The history of Prime Minister’s Questions

Today sees Nick Clegg take to the Despatch Box to answer Prime Minister’s Questions in David Cameron’s absence from the UK.

Several Liberal Democrats have taken to social media expressing their anticipation, such as Jo Swinson:

reserving a seat to watch a little bit of Lib Dem history later today – Nick Clegg taking #pmqs, first Lib leader to do so since 1922

Others have also made reference to Nick Clegg being the first Liberal (Democrat) leader to take PMQs since Lloyd George.

However, as Hopi Sen has pointed out the history of PMQs is a little more complicated than this:

I appeal to @markpack on behalf of history nerds. Asquith last Liberal _leader_ to take Qs. Also PMQ’s began in ’61 so no-one did em in 22

So what is the actual situation?

First, in 1922 Lloyd George was Prime Minister, but as head of a coalition government, with Asquith still leader of the Liberal Party. So strictly speaking Nick Clegg won’t be the first Liberal (Democrat) leader since 1922 to answer Prime Minister questions.

Second, Prime Minister’s Questions in their modern form did indeed start in 1961. However, they were around in a different form prior to that, as the House of Commons Library explains:

Before the 1880s questions to the Prime Minister were treated no differently from questions to other Ministers.

Until then questions were asked of ministers, without notice, on days on which ministers were present (usually Mondays, Tuesdays, Thursdays and Fridays), in whatever order Members rose to ask them. Public business could not commence until all questions had been answered. Changes were made in 1881 that affected questions to the Prime Minister, “when as a courtesy to Mr Gladstone, then aged 72, questions to the prime minister were placed last on the day’s list to allow him to come in late”.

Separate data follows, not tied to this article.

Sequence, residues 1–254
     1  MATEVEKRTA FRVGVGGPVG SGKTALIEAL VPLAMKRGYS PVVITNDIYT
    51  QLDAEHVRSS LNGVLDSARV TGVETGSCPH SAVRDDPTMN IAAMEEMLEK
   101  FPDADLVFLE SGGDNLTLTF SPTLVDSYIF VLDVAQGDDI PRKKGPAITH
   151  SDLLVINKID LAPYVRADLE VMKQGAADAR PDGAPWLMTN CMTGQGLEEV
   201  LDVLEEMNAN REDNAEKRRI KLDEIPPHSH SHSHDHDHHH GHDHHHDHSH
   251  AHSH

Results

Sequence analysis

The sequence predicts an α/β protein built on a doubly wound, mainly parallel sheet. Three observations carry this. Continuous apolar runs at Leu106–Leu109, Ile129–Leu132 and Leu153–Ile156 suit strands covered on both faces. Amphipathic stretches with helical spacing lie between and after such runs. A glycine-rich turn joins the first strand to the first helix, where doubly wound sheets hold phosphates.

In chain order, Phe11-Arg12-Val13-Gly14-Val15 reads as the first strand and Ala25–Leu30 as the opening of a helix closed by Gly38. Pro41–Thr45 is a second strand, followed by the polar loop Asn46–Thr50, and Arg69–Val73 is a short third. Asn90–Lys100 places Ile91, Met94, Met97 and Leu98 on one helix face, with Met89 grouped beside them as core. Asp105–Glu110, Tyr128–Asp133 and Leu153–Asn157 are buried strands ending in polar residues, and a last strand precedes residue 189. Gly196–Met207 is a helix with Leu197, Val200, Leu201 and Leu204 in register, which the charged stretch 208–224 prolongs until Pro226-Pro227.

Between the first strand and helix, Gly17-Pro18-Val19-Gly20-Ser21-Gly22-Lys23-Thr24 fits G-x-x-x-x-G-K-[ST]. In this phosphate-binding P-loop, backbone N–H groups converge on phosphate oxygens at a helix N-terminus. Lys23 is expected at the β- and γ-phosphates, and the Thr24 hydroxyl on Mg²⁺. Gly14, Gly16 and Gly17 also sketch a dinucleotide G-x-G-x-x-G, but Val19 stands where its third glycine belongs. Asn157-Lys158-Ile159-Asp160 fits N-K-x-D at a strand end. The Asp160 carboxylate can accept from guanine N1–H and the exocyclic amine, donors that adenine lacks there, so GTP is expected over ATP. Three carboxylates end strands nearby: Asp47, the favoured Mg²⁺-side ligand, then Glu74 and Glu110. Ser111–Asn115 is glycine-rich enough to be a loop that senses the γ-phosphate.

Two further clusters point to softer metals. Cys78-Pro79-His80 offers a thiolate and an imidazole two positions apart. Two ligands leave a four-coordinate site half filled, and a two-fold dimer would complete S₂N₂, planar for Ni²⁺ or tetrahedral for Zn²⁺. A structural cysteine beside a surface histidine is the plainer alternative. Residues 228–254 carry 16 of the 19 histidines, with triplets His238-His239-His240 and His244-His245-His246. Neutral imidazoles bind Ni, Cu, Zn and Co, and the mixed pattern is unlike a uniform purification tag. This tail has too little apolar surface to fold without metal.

So although the phrase “Prime Minister’s Questions” was not used by contemporaries in the way it is now, it is a reasonable simplification (especially within the 140 character confines of a tweet!) to use it to describe the pre-1961 situation when Prime Ministers answered questions.

But whatever the terminology, today will see a historic event the likes of which last occurred a long time ago.

UPDATE: Lloyd George missed the ones on 4 August 1922, which turned out to be the last occasion before the coalition government fell, as he was absent from Parliament. Therefore the last questions he answered as Prime Minister were those on 3 August, including this admirably brief and precise exchange:

Mr. MALONE asked the Prime Minister whether he has any information to give the House as to whether the Greek Army has continued to advance on Constantinople since the Allied Notes were addressed to the Greek Government; and whether, in view of the serious consequences which a Greek occupation of Constantinople would have, he will give the House an assurance that the Government will take measures to prevent the Greeks from occupying Constantinople while Parliament is in Recess?

The PRIME MINISTER The answer to the first part of the question is in the negative, and to the second part in the affirmative.

The last exchanges were about the League of Nations:

The PRIME MINISTER The names of the representatives of the British Government at the meeting of the League of Nations at Geneva are my Noble Friend the Lord President of the Council, my right hon. Friend the President of the Board of Education, and my hon. and gallant Friend the Member for Stoke-upon-Trent (Lieut.-Colonel J. Ward).

Lord R. CECIL Can the right hon. Gentleman reply to the last part of my question, as to whether he himself will be able to attend at any part of the proceedings? Does he realise that it will be quite possible for him to go only for two or three days, and to deliver a speech on disarmament or some other question of great international importance.

The PRIME MINISTER There I am leaving myself in the hands of the representatives of the Government. The same suggestion was put to me by them, and I am leaving myself in their hands and shall wait their further suggestion.

Mr. GRITTEN Is it not more necessary for the right hon. Gentleman to remain in this distressful country?

Viscountess ASTOR Can the right hon. Gentleman say whether a woman will be sent in an advisory capacity?

The PRIME MINISTER That was also considered by the Government, and it has been decided that that shall he done.

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